Virginia Pars Map Holds Tantalizing Clues
Will the mystery of the Lost Colony ever be solved? Probably not. That, at least, is the consensus of experts who gathered at an international symposium hosted by the First Colony Foundation.
As one of the archeologists on hand remarked in an offhand moment, “Unless we find the skeletal remains of Virginia Dare (the first British child born in the Americas) holding a doll, probably not.”
Nonetheless, the conjecture goes on.
Much of the focus at the symposium was on the Virginia Pars Map, a map of coastal Virginia and North Carolina that has resided at the British Museum for some time.
It was an innocent question that one of the researcher of the First Colony Foundation—a North Carolina group trying to unravel the mystery—asked. Looking at the map, there appeared to be a spot that had been blotted out.
If it was blotted out, what was under it?
As it turned out, what was under it may have been very significant.
It appears as though what lies hidden was a symbol often used to designate a fort or permanent structure. The location would be at the mouth of the Chowan River across from Edenton.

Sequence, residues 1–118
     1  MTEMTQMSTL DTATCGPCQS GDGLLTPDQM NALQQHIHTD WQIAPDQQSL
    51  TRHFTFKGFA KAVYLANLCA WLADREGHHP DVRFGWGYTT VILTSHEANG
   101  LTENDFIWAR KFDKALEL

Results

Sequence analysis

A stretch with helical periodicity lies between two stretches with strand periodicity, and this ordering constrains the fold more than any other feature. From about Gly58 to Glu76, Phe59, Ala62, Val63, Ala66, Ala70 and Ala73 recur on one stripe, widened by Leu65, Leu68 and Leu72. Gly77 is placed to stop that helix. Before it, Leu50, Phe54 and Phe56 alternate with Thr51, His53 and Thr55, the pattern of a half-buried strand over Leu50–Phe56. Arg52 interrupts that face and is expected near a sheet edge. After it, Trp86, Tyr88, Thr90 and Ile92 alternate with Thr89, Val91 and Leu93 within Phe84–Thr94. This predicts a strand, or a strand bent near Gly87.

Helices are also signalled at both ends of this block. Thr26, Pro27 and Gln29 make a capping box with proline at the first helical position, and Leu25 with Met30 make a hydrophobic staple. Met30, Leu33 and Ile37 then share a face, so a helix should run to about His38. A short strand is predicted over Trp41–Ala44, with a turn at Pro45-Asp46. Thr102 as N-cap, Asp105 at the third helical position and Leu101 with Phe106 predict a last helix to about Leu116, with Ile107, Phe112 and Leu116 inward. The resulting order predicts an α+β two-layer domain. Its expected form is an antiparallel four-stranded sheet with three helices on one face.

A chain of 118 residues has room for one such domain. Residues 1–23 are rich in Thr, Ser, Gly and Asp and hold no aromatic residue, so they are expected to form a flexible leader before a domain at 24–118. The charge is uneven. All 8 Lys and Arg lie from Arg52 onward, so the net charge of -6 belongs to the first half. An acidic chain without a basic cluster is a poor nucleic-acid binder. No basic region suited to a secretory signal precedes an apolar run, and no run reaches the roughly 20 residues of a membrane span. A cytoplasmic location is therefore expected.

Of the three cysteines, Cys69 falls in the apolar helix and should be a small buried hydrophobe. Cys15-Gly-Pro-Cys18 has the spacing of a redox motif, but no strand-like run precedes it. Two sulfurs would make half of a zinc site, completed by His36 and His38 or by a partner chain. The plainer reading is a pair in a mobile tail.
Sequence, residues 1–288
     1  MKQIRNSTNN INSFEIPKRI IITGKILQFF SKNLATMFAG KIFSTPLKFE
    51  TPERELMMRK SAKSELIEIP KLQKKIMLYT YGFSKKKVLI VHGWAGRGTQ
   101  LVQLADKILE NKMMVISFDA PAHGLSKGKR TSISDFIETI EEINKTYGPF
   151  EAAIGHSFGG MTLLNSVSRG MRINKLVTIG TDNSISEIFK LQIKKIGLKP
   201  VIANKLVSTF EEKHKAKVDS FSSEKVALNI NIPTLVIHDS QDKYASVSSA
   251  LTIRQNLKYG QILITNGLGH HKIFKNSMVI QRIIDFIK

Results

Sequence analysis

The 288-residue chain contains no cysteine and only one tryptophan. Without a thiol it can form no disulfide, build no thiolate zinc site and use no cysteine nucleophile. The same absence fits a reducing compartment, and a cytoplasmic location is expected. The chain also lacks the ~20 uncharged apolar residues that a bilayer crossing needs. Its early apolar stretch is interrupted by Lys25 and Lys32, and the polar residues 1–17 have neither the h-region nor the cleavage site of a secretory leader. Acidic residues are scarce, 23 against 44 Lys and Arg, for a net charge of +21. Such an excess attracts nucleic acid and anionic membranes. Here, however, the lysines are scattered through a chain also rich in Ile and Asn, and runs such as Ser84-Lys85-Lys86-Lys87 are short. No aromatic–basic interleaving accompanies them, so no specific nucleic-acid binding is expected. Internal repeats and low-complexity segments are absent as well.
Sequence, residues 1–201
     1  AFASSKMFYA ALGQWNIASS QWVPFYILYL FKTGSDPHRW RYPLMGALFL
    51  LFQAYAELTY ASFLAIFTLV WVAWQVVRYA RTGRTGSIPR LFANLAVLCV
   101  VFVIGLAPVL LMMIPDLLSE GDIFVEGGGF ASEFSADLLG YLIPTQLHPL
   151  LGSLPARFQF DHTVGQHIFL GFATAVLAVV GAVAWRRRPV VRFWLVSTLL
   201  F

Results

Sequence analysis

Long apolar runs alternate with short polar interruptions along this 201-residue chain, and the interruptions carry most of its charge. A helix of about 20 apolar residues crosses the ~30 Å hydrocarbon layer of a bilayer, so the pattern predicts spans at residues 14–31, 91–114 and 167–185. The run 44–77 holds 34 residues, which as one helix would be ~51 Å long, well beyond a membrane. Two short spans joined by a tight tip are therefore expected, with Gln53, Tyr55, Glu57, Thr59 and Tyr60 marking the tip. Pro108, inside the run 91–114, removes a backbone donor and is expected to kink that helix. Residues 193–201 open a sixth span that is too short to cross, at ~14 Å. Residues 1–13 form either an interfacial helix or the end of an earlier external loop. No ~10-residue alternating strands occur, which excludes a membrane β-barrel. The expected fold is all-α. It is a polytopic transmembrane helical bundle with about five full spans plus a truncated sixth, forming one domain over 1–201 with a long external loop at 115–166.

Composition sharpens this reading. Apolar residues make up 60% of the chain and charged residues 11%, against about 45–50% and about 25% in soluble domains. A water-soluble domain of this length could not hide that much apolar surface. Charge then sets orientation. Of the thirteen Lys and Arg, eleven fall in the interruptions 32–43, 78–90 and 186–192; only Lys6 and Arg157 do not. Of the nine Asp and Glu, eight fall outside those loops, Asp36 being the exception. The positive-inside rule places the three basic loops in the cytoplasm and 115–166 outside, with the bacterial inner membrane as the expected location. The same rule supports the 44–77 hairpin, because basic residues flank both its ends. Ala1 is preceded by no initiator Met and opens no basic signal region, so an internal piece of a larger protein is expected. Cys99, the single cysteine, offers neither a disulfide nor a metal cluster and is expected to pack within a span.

The map itself, drawn by John White, the first leader of the expedition, is remarkable in it’s detail. One of the presentation at the symposium presented the minutiae of White’s drawings, that even in miniature depicted individual soldiers, officers and the activities of the troop.
The map is also very accurate—a map certainly designed to be used for navigation. Although not as precise as anything we can produce today, the Chowan River is clearly marked and in the right place. Cape Hatteras is denoted, as well as a number of inlets that no longer exist.
Because it was so accurate and contained such detail, there are a number of questions about why White covered up the fort when he finished the map. Did it no longer exist? Was he concerned that if it fell into Spanish hands, the lives of his colonists would be endangered?
We have no way of knowing and the quest goes on.